A blog focusing on mergers and acquisitions (M&A) may not seem to be topical in the context of the current economic malaise. However, the recent flurry of M&A activity shows that companies that have weathered the storm may have stronger balance sheets and be in a position to take advantage of market sentiment and acquire underperforming targets.
Once an M&A transaction completes all post-merger integration projects have one thing in common: a shortage of time! At best, the financial controller has 3 months to: align accounting policies and processes; create a data repository; and implement a short-term consolidation solution, all before the first quarterly return.
Most acquiring companies are of sufficient size and complexity to already have a consolidation tool sitting on top of their general ledger. The standard approach is to map the acquired company to the existing consolidation instance of the acquirer. The key challenges to this approach include the following:
1) How to physically manage these mappings, which can easily run to more than 200,000 data points? This is way too large to store in a spread sheet or to review and manage in a relational database.
2) How to ensure the accuracy and completeness of the mapping? Given that:
(a) the process of mapping is very time pressured;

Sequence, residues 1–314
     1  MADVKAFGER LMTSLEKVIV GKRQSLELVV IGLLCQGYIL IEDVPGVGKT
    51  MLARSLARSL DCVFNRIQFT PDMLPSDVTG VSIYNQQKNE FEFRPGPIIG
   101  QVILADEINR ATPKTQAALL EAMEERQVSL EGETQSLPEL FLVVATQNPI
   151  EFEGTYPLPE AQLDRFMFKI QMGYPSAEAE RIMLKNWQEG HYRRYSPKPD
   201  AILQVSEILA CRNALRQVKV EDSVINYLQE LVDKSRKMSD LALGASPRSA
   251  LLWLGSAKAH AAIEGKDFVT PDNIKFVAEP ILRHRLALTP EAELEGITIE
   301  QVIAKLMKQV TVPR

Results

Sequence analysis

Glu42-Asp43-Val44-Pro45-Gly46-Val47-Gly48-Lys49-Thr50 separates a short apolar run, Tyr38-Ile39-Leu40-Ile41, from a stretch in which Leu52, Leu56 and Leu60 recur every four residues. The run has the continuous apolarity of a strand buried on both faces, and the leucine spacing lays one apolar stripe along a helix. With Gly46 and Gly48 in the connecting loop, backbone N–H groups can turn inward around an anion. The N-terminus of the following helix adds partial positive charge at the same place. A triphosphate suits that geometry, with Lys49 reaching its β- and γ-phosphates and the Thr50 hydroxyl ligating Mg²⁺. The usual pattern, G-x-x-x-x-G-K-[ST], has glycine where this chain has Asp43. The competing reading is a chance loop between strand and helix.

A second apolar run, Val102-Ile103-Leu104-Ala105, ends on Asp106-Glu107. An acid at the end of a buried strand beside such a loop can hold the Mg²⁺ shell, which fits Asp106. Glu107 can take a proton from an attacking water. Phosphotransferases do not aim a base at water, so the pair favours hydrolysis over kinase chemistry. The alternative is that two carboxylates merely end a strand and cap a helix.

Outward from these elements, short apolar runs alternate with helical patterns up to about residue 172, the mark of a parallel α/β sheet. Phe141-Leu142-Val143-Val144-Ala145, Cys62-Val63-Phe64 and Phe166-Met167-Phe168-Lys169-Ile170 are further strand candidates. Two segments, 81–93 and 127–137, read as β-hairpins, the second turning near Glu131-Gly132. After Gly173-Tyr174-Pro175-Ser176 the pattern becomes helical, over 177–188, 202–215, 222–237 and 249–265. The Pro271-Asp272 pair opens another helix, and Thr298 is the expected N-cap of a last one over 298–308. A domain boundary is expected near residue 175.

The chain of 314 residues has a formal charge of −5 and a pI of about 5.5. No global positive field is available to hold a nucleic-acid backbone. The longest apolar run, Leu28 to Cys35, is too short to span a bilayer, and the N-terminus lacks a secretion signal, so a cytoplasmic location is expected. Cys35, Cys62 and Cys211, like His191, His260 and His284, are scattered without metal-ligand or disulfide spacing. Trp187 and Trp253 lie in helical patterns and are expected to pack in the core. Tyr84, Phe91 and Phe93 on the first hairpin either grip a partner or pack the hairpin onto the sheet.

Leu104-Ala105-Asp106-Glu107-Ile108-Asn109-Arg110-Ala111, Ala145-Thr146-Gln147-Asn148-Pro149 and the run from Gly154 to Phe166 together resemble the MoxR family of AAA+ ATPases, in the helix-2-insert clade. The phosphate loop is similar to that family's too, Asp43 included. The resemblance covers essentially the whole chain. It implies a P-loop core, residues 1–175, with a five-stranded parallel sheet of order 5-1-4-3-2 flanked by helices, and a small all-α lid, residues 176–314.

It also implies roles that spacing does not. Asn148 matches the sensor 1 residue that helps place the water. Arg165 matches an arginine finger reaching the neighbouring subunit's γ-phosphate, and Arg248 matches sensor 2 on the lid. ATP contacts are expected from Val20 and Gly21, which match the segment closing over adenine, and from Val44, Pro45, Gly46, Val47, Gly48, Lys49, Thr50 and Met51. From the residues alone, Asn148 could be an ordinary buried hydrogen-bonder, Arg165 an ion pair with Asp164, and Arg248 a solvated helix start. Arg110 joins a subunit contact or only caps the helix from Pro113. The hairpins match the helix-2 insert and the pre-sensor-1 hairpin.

(b) the source and target may use very different structures; and
(c) source and target are both moving!
In parallel to this immediate requirement, the post-merger integration team will also need to decide on the end state of the ERP (Enterprise Resource Planning) and management reporting. There are broadly 2 approaches: go for an immediate ERP conversion, or run the 2 ERP’s in parallel. There are distinct advantages to both approaches which I can go into in another blog. What is relevant to this blog, is that both require a robust and efficient solution to manage the account mappings.
To summarise, to optimally manage mappings during post-merger integration requires the following two key considerations:
(A) Requires a specialist masterdata tool to ensure the mapping process is efficient, accurate, complete, flexible and robust; and
(B) Is not just a tactical objective. Although the mappings are required for the short term financial consolidation, management reporting and ERP conversion, they will also be required when eventually you understand the strategic direction of your financial applications.
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